[Video] The Village of the Future: World Economic Forum on Africa Panel

Africa is the fastest urbanizing continent in the world, yet the vast majority still live in rural areas and will for the foreseeable future. The last decade transformed the African village — what do the next 10 years hold?

Dalberg Group Executive Director James Mwangi discusses how to bring innovation, 21st-century thinking, and the fourth industrial revolution to the village of the future in this 2016 World Economic Forum on Africa panel. James moderates the discussion on moving from a consumer to producer mindset, fostering distributed manufacturing, and building on the strength of village communities.

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Why Emergency Operations Centers are Crucial in Crisis Response

By Aurelien Chu and Mareme Gaye

The West Africa Ebola outbreak of 2014-2016 showed the weakness of national emergency management systems, and the danger of depending on international humanitarian and health actors to compensate for national gaps. Over 11,000 people died, primarily in Guinea, Liberia and Sierra Leone, and the economic impact in those three countries is estimated to be $359 million. Very limited public health capacity and resources in all three countries worsened the outbreak – Liberia has only 1 doctor per 100,000 inhabitants, and Sierra Leone has barely twice that amount. In addition, the initial international response was slow and ineffective; men and women at the front-line of the response reported feeling “abandoned and isolated in their daily struggle”.

The post-crisis response offers an opportunity to reassess emergency management practices, and to re-envision stronger and more resilient national, regional and continental systems. Dalberg has been working with the Bill and Melinda Gates Foundation (BMGF) to support several countries to develop Emergency Operations Centers (EOCs) – national agencies responsible for preparing for public health crises and coordinating national responses. EOCs establish “real-time” biosurveillance laboratory networks, train multi-sectoral rapid response teams, and maintain staff capable of activating a coordinated emergency response within 120 minutes of a public health emergency.

Slide1Nigeria’s effective and large-scale response to Ebola shows the distinct advantage of EOCs. When Ebola appeared in Nigeria in July 2014, the country established an EOC, utilizing staff and systems from the country’s polio eradication campaign and partner organizations. Nigeria’s EOC coordinated contact tracing and testing of thousands of people, and isolated anyone with multiple Ebola related symptoms. As a result of this rapid, coordinated national response, the impact of Ebola in Nigeria was limited, with only 19 confirmed cases, and 8 deaths.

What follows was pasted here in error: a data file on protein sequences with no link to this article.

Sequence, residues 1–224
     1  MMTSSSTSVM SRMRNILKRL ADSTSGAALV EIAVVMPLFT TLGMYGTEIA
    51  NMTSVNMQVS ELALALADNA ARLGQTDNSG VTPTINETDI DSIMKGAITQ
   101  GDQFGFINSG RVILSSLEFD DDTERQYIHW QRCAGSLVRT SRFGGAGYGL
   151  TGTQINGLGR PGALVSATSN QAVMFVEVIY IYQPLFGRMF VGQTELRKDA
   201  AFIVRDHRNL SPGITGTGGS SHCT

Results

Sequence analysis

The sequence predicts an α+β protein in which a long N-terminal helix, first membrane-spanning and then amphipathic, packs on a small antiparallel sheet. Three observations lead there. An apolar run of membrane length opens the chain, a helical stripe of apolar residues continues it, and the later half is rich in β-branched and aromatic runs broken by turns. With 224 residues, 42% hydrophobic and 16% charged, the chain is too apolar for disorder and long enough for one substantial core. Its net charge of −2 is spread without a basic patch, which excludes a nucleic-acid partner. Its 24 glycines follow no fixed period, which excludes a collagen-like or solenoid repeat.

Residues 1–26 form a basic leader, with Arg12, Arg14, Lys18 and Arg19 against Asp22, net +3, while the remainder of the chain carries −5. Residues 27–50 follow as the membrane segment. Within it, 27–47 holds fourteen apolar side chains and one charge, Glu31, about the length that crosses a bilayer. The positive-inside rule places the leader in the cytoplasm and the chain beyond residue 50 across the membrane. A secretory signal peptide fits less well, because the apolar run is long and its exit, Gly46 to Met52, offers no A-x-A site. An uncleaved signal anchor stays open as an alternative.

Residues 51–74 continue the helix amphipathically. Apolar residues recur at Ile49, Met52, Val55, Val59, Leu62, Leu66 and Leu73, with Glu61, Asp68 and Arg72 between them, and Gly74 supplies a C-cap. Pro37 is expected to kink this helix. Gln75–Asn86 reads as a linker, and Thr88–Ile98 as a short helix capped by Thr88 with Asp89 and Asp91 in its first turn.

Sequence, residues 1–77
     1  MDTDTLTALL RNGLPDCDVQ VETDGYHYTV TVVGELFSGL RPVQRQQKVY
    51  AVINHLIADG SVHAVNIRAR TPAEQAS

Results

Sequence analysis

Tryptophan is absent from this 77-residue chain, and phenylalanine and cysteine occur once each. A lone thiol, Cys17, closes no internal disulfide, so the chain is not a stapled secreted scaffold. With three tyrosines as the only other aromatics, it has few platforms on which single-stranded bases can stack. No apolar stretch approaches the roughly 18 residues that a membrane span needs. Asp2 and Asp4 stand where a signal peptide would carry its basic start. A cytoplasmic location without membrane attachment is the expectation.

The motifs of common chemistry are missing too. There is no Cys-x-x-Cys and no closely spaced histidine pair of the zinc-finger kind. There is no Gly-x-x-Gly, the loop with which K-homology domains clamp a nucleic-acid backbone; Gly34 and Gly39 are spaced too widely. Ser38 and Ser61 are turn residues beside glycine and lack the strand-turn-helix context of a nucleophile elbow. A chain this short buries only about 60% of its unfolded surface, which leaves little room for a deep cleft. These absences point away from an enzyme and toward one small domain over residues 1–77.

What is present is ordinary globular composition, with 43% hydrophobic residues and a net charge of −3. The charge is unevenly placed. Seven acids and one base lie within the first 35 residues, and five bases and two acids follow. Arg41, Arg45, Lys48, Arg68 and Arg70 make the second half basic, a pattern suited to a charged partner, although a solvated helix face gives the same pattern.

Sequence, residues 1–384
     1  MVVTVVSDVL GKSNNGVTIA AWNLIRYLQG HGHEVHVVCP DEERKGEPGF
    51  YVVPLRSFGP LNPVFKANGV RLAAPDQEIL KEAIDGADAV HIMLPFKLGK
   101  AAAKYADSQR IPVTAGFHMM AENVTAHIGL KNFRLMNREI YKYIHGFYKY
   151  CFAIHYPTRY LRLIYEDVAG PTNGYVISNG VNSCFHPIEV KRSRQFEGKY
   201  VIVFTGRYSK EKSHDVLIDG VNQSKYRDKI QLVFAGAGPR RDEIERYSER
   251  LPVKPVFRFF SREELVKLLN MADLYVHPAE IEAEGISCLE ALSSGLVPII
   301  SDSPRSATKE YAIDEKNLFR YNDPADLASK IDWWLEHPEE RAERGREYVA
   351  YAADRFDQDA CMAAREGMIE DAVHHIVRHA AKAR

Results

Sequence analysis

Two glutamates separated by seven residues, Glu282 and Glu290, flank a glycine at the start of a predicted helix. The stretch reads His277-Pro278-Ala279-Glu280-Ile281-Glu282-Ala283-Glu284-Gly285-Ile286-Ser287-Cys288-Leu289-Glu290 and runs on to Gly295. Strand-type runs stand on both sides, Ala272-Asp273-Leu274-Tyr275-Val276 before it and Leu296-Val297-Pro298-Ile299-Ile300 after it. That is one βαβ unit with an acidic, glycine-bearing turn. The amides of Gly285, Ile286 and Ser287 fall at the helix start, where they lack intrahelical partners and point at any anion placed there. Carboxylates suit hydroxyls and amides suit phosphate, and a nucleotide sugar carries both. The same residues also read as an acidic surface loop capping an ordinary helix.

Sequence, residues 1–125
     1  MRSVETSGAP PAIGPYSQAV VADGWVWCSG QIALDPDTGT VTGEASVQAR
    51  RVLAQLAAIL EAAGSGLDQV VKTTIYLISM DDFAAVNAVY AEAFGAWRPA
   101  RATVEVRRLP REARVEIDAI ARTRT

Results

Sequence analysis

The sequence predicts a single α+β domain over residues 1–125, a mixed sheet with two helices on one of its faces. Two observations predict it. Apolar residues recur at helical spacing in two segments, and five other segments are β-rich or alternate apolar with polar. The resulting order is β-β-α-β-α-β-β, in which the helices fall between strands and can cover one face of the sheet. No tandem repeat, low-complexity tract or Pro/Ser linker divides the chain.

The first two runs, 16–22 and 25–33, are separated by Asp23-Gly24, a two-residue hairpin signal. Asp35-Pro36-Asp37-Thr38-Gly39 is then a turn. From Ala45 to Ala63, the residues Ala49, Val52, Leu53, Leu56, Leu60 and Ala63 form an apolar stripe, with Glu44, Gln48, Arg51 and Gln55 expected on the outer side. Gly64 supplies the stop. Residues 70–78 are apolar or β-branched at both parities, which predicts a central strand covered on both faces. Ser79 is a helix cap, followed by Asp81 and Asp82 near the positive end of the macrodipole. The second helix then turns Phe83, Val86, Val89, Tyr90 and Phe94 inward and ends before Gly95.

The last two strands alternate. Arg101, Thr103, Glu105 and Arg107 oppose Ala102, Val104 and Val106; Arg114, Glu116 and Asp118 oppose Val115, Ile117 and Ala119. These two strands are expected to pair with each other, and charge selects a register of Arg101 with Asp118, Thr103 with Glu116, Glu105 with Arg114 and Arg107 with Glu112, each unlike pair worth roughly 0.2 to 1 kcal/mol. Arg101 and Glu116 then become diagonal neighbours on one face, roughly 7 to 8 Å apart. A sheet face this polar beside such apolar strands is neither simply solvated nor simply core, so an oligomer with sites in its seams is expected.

Following this success, and other successes in Senegal, governments, donors and private foundations are investing heavily in building better national and regional emergency management systems. The US Centers for Disease Control (CDC) and African Union (AU) are collaborating to establish a continent-wide EOC in Addis Ababa, with regional sub-centers. In addition, other countries are working to establish national EOCs – Kenya launched its EOC last week.

In our experience, the success of an EOC is dependent on a strong organizational model, high functioning governance that allows for rapid decision making and deployment of resources, successful collaboration with other state and non-state actors, and adequate financing. These cross-cutting requirements are not unique to epidemics, and Senegal’s EOC (which Dalberg supported), already deals with other emergencies. Senegal’s EOC is responsible for the management of all major health-related incidents, including infectious disease risks, technological risks (e.g., industrial accidents), natural disasters (e.g., droughts), and social risks (e.g., public unrest and terrorism).

As EOCs continue to be at the heart of the Global Health Security Agenda, Dalberg and BMGF are hosting a side-event at the World Humanitarian Summit, to discuss how to transition from public health EOCs, to all-hazards EOCs, with a broader mandate and new institutional models.

For more information, attend our WHS event on Emergency Operations Centers, or read our primer.

For more information on Dalberg’s EOC work, contact Madji Sock: Madji.Sock@Dalberg.com

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The Planet’s Health is Essential to Prevent Infectious Disease